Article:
by Barbara Van Reed
I’ve known Phil Smith for more than ten years, but it wasn’t until he came over to my house one sunny summer day a couple of years ago with camera in hand to take some pictures of my flowers, that I learned he’s a photographer at heart. And not an environmental engineer, as I had thought. Later, after seeing many of his pictures, it became clear that he’s both: an environmental photographer as well as an environmental engineer.
Phil’s photographs were on exhibit at Booklovers’ Gourmet in Webster last month and he visited there one Saturday afternoon to talk about them. His themes are “pretty much anything under the sun,” he said, “literally and figuratively.” A recurring theme, though, is moving water. “It’s challenging to take an artistic shot of rivers and streams,“ he explained, pointing to a photo of sun-splashed water finding its way down the rocks in the Douglas State Forest. “It’s peaceful,” he continued. “I try to bring a little of the outside, inside. But you never know until later if you’ve captured it.”
“My dad gave me his old Minolta SRT1 camera when I was a teenager, back in 1980, and I was hooked. I still have that camera. I have to give him credit; he saw that I was interested in taking pictures, and he never asked for it back.” And Phil never stopped looking around his environment for scenes to photograph.
Phil’s childhood years were spent in Seekonk, Mass., and upstate New York. College brought him to Bridgewater State, then it was on to grad school at the University of Toledo (Ohio), where he earned his master’s degree in geology. His working career started in Chicago and moved him back to Massachusetts in 1999 and to Douglas in 2002. He worked for the Massachusetts Department of Environmental Protection from 2006 to 2009 and today does environmental consulting in the private sector.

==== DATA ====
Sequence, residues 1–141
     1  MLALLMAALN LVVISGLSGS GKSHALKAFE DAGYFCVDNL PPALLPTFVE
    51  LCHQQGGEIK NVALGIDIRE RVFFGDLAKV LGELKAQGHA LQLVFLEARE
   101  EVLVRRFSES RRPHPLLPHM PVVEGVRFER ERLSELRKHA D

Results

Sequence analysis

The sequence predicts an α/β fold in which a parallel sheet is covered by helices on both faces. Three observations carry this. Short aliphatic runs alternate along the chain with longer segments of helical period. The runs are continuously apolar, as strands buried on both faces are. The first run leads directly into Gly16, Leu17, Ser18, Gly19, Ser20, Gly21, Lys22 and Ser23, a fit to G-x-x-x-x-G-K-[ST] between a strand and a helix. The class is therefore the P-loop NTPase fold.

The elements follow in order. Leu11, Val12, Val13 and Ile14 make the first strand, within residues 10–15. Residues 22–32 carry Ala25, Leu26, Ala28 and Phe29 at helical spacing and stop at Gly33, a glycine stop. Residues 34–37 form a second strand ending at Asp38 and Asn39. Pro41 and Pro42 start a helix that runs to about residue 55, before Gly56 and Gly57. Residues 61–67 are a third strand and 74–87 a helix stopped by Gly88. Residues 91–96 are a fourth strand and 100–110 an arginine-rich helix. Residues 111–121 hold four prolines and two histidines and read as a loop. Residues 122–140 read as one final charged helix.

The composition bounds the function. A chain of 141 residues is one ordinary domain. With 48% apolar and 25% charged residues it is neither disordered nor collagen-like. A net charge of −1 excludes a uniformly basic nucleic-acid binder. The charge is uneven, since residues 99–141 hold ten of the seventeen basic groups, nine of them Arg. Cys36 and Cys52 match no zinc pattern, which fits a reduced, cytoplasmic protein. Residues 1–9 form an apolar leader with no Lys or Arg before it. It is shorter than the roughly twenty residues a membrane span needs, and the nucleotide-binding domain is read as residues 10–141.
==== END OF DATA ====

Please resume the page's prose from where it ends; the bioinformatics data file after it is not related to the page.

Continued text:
“I took some photography courses in Chicago, and tried to push to a career. But you know what they say about not quitting your day job. So I thought about photography as being my retirement gig.
“In the meantime, it’s been my creative outlet. I’m not really sure why I enjoy doing it. I like to create images that I can enjoy and that other people can enjoy. If I could make a living doing photography, I’d leave the consulting work in a heartbeat.”
Most of Phil’s photographs are of outside places. They include cityscapes, skylines, buildings, and harbors as well as the forests and falls. Lately he’s also been doing some studio work. as it provides a more controlled environment. A photographer in Milford gave him the studio equipment, and Phil set it up in his garage. One of the photographs on display at the bookstore was a triple picture of a flower in progression from budding to blooming to drooping, against a black background. “To do that outside would be tough,” he said.
The studio also allows him to experiment with portrait photography, something he would like to do now professionally as a sideline career.
Phil uses a Nikon digital camera ninety percent of the time. He does do some work with film, and wouldn't part with his film camera, but calls the quality of digital “awesome.”
Photography has taken up a lot of Phil’s spare time the last few years, and he’s trying to get his name out there now. I asked him how he priced his pictures. “I’m still feeling my way through that,” he said. “I look at the marketplace, for one. The price is also a function of how much work went into making the image, plus the matting and the framing.” One of the photographs on display at the store was a geranium against a black background, priced at $40.
I liked a photo he had of the John Brown house in Providence in winter because the skeletal trees around it gave it a spare but grand feel. Another was a contrast between old and new: the old Worcester City Hall with a new modern taller building behind it.
Joanne LaLiberte of Webster was also at Booklovers’ looking at the photographs. She pointed to one of a storm over Vineyard Sound, and saw in its furious clouds the face of a wild creature with hair flowing and arms extended outward. I could see it too, once she pointed it out. Phil was astonished. “I never saw that before,” he admitted, surprised by the image.
It shows that just as with painted art, photography can evoke impressions unique to the viewer.
Phil’s photos are on display and available for purchase at Fresh Air Flowers in Douglas, and you can check out some of his galleries on his website at www.philsmithimages.com.
Old meets new in Worcester, MA
John Brown House, Providence, RI